In 'New Year, New You,' an all-female cast experiences extreme tension in close quarters.
Sophia Takal’s New Year, New You, the fourth episode of Hulu’s Blumhouse-produced new horror anthology series Into the Dark, offers a creepy, surprisingly funny look at the dangerous cocktail of toxic female friendships and social media celebrity.
On New Year’s Eve, a group of four millennial girlfriends gather for a long overdue reunion. What at first sounds like a fun time quickly spins into something far more ominous, thanks to a game of “Never Have I Ever” that reveals dark, long-held secrets.
To top it off, the queen bee of the friend group is a YouTube star whose sunny exterior and vocal-fried aphorisms might all be a devious façade. The film has an all-female cast and takes place largely within one setting. Frequent mirror shots and novel editing techniques like split screens create a stylized world that pleasingly alternates between highbrow artfulness and deliciously trashy genre convention.
Takal’s previous film, Always Shine (2016), explored dramatic tensions between women, and New Year, New You pushes these themes even further, with no men in sight and terrifyingly exaggerated mean girl behavior.
As the film gets set to premiere on December 28th, Takal spoke with No Film School about her approach to horror and the perils of social media.
No Film School: How did you get involved with this series? It has a novel structure, with 12 episodes each by different directors. Did you collaborate with any of them at all?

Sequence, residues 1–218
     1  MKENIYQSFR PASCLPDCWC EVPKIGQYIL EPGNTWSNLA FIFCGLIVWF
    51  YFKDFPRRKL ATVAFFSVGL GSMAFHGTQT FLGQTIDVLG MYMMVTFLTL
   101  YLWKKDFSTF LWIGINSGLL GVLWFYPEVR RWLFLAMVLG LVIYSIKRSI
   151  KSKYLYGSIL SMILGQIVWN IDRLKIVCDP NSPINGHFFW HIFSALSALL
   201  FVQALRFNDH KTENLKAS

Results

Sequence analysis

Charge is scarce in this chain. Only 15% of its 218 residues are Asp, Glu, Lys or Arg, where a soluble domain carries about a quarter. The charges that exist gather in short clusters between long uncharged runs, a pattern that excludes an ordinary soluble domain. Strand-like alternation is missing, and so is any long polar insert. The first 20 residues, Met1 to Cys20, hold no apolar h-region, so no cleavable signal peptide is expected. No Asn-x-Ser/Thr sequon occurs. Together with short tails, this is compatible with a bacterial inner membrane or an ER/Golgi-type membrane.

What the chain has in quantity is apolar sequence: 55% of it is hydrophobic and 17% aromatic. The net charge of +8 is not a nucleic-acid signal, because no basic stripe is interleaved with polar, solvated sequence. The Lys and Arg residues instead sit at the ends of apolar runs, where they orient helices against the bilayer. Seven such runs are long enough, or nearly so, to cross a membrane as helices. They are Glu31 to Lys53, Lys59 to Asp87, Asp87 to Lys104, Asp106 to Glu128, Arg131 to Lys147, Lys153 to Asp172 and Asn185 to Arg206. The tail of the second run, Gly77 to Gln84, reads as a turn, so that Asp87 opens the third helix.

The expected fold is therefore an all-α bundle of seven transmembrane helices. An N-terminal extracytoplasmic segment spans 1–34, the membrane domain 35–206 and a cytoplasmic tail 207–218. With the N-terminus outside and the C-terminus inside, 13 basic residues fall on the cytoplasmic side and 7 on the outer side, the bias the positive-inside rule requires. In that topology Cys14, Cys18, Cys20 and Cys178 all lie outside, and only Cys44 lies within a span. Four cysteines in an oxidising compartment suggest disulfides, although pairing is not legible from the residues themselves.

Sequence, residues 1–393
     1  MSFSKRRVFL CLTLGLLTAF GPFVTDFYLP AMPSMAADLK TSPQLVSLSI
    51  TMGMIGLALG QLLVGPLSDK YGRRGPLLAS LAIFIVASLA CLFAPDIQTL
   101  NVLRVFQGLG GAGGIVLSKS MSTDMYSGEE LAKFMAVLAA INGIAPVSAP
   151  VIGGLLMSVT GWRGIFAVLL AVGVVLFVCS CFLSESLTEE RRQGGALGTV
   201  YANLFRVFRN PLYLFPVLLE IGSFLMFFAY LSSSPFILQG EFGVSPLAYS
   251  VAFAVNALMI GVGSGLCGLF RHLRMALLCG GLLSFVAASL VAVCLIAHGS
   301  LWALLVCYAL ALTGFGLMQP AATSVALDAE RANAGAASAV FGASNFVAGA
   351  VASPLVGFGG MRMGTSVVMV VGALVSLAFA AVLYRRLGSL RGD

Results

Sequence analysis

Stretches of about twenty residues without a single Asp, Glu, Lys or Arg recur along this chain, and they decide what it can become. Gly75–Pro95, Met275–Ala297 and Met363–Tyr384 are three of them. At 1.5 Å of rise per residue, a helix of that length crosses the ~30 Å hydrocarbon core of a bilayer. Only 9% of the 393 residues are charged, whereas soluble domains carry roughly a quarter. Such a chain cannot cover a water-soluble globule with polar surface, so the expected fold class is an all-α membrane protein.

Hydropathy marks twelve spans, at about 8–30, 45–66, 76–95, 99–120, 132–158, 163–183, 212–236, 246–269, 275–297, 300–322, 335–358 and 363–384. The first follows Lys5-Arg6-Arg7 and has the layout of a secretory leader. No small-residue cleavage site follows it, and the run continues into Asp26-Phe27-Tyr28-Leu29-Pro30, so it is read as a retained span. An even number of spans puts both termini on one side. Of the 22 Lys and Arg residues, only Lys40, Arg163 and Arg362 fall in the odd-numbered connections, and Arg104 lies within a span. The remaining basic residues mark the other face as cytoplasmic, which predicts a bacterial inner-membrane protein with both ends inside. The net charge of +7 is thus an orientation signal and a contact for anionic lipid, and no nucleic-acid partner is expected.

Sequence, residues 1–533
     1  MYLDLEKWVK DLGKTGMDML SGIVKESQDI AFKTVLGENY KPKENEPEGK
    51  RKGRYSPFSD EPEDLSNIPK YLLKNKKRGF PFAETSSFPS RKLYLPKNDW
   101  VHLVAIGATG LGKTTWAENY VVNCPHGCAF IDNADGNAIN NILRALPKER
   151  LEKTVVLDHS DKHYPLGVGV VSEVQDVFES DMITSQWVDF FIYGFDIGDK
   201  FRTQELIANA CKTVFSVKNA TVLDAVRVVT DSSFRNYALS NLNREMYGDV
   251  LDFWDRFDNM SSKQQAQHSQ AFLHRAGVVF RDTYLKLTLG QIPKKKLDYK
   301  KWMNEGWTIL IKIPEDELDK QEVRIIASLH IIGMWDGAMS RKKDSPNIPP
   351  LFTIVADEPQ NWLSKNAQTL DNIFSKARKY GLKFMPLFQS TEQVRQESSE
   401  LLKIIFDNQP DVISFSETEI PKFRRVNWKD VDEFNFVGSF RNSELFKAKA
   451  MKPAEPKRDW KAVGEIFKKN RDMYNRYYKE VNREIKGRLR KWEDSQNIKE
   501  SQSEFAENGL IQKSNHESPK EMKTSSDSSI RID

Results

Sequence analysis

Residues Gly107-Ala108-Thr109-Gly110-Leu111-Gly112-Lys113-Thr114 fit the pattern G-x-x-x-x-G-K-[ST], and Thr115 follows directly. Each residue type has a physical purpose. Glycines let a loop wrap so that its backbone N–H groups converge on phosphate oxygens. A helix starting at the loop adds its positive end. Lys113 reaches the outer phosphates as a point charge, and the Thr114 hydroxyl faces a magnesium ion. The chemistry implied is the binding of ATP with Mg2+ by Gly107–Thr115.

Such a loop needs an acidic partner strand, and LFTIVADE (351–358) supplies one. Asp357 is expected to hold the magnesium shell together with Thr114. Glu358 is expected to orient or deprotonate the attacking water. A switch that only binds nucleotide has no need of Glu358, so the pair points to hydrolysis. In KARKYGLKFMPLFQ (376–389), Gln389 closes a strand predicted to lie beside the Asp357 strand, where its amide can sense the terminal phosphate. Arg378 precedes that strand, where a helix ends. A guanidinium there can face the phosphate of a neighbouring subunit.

Sophia Takal: Blumhouse Television approached me. I think there was a desire to tell this uniquely female story with a woman’s point of view and a woman director. They had seen Always Shine and liked it, so we met. I really love Blumhouse and think they make incredible films that use genre in a really exciting way.
The exciting thing about the series is that they are all completely different movies and each filmmaker is really given the space to bring their own style and point of view to the work. So I haven’t spoken to any of the other directors and we didn’t collaborate on the episodes at all. There’s nothing that’s the same about any of them except for the fact that they all have to do with holidays and they’re all horror. But beyond that, I got to choose my DP and actors. It wasn’t like it came with the actors and the crew.
It was a really exciting way for me to get my feet into this world of directing for hire rather than just originating material on my own and I ended up having an incredible time. I think part of it has to do with the fact that the people I was working with at Blumhouse were so smart and thoughtful, and they weren’t trying to wedge me into their idea of what this should be. They were really just trying to help me make the best version of what I wanted to do.
"During my revision, there was a moment where I was maybe going to have one character be a guy and then making the character a woman. I wasn’t thinking about it as 'Oh, I’m going to have an all-female cast' in that moment. I was just following my intuition."
NFS: Was the all-women cast something that you were envisioning for the film from the very beginning or was it something that came about a little later in the process?
Takal: The original conception of the story by Adam Gaines [the film’s co-writer] was about a group of women on New Year’s Eve, so that was kind of already built into the story. As I revised and tweaked what he had written, I realized that all of the supporting characters could also be women. I don’t remember if it was all women in his original draft. I do remember during my revision there was a moment where I was maybe going to have one character be a guy and then making the character a woman. I wasn’t thinking about it as “Oh, I’m going to have an all-female cast” in that moment. I was just following my intuition.